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Diy turf laying: how-to guide

4th Jun '19 • By

Does your lawn need a little love? Does it look a little patchy and past its use by date? Do you want to have your very own beautiful lawn and admire it like the guy in that Sir Walter Ad on television?

DIY turf laying: how-to guide

Even if you don’t have a big garden, with some simple DIY skills you can lay instant turf yourself to create your dream small garden. In this way, you can really save plenty of money by doing the soil preparation and laying yourself.


Several things should be remembered, before you engage in your own turf laying project. The task itself does require a fair bit of effort, time and care. Despite this, surprisingly you don’t always require professional assistance to lay turf.

With this being said, here are a few tasks that need to be remembered, when you engage in your own turf laying project so you can decide if this is the best method for you, or if you would benefit from getting turf laying quotes from a professional Landscaper to find out the cost of laying instant turf.


Preparing the soil for turf laying

Soil differs across different parts and regions of the country. This is why the turf you lay has to be matched carefully to where you live. So how do we start this project? The first thing you have to do is prepare your soil. Whilst doing this, you should take the following steps into consideration:

  1. Test the pH level of your soil with a testing kit (easily purchased from you local hardware store or nursery).
  2. Try and remove all weeds, rocks, rubbish and unnecessary plants or vegetation from your intended area
  3. Turn the soil more than once to a precise depth of 150 mm or more.
  4. Be prepared to purchase more soil and mix with the old to satisfy soil requirements.

The pH level of your soil should rest close to 7 (1-14 scale). Once you have tested your soil, you should decide whether it has to be increased or decreased.

If the soil pH level is below 5, you should add lime or wood ash. On the other hand, if the soil pH is above 7, you should add sulphur or peat moss. After you have completed these steps, the soil will then need to be tested again.


Best time of year for laying turf

There is a right time to lay your lawn and not surprisingly, it isn't Summer. Try and do it in mid-Autumn, but any time between mid-Autumn and Winter is ideal. This is so because the soil won't be too wet or frosty.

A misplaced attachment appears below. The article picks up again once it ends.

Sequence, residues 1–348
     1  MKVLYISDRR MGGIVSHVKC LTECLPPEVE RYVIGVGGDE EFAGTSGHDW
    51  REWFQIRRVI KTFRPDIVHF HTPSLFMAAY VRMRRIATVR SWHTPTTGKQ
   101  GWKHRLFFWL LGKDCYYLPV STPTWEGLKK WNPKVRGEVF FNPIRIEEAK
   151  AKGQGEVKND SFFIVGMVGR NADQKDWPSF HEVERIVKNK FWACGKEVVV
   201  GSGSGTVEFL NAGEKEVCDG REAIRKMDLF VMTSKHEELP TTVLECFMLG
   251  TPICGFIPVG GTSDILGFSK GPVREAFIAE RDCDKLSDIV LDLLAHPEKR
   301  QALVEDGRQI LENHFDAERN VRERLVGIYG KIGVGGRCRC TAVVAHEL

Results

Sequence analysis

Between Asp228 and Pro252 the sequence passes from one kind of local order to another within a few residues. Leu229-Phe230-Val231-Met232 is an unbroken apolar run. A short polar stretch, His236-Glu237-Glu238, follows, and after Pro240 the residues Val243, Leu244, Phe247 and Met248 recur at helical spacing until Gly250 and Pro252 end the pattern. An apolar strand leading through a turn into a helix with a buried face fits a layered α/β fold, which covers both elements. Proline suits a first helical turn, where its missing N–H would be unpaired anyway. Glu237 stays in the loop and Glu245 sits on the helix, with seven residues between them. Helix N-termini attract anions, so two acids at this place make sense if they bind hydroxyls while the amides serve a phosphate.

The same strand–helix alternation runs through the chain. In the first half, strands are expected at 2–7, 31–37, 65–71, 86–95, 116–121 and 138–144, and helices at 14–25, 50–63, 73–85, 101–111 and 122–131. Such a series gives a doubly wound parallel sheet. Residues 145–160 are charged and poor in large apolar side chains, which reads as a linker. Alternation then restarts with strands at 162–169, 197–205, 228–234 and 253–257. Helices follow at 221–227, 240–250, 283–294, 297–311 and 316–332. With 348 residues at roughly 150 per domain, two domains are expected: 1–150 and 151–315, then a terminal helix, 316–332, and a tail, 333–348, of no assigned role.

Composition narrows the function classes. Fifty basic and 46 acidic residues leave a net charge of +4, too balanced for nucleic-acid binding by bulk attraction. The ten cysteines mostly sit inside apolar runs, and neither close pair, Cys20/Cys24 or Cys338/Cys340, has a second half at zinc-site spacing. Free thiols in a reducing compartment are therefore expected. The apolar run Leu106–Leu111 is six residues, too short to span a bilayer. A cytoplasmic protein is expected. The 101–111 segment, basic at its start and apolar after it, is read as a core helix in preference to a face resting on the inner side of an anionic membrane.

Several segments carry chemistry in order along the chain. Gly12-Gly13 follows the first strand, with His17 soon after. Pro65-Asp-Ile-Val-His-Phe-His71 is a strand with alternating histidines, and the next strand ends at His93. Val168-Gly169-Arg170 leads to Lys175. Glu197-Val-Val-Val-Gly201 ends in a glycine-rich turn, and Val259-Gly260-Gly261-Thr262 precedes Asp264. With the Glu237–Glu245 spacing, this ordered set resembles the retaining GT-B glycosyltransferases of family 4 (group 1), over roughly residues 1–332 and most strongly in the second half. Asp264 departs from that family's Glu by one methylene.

Also, it won't need to be mowed so frequently and can be left for some weeks at a time. Compare this to Summer, where the lawn seems to grow overnight, especially after rain or late afternoon thunderstorms.


Removing weeds before laying turf

When it comes to removing weeds, the process can be much more complex and arduous than simply pulling them out. This is especially true if you have a large yard. You should really need to eradicate any weeds that are visible and apply a grass-friendly weed killer until they are dead. Consider using a natural pesticide; if you have pets, ensure it is pet friendly and not poisonous.

You should leave a gap of two weeks between the applications of weed killers, in order for it to take full effect. If you decide to use one that is not pet friendly and you do have pets, make sure they do not have access to the grass for at least 24 hours.


Once weeds have been removed, you should turn the soil over several more times. This helps the new turf root deeply below the surface. Whilst turning the soil, you should continue to remove further debris and small stones. Also, consider spreading a clean layer of fertiliser across the surface, to promote growth.

The kind of turf you decide on plays a very important role in the entire process. Approach a local nursery or turf supplier and ask them for their advice if you are unsure.

Turf is generally sold in slabs and rolls. Some turf suppliers will sell it by certain dimensions. You can always measure the area first and pick turf that best fits your garden size and budget.


DIY vs professional turf laying

If you’re unsure of the type of grass that will thrive best in your garden or the whole process in general seems a bit daunting, you should consider hiring a turfing professional who does this for a living.

For example, if your grass receives a high volume of traffic you should consider a tough and durable type of grass like Couch. Similarly, if your garden is in a shaded area you should opt for a type of grass like Buffalo, that thrives in areas that don't get full sunlight.


Either way, once it's done take the time to pull up a chair and admire this great landscaping idea. Better still, lie down and experience the texture of your brand new turf!

Need some professional advice for your turf laying job?

 Get Turf Installation Quotes Now 

Further reading:
7 ways to spruce up your backyard on a budget
6 best backyard trends of 2019
New homeowner backyard inspiration
The 10 best luxurious driveway designs

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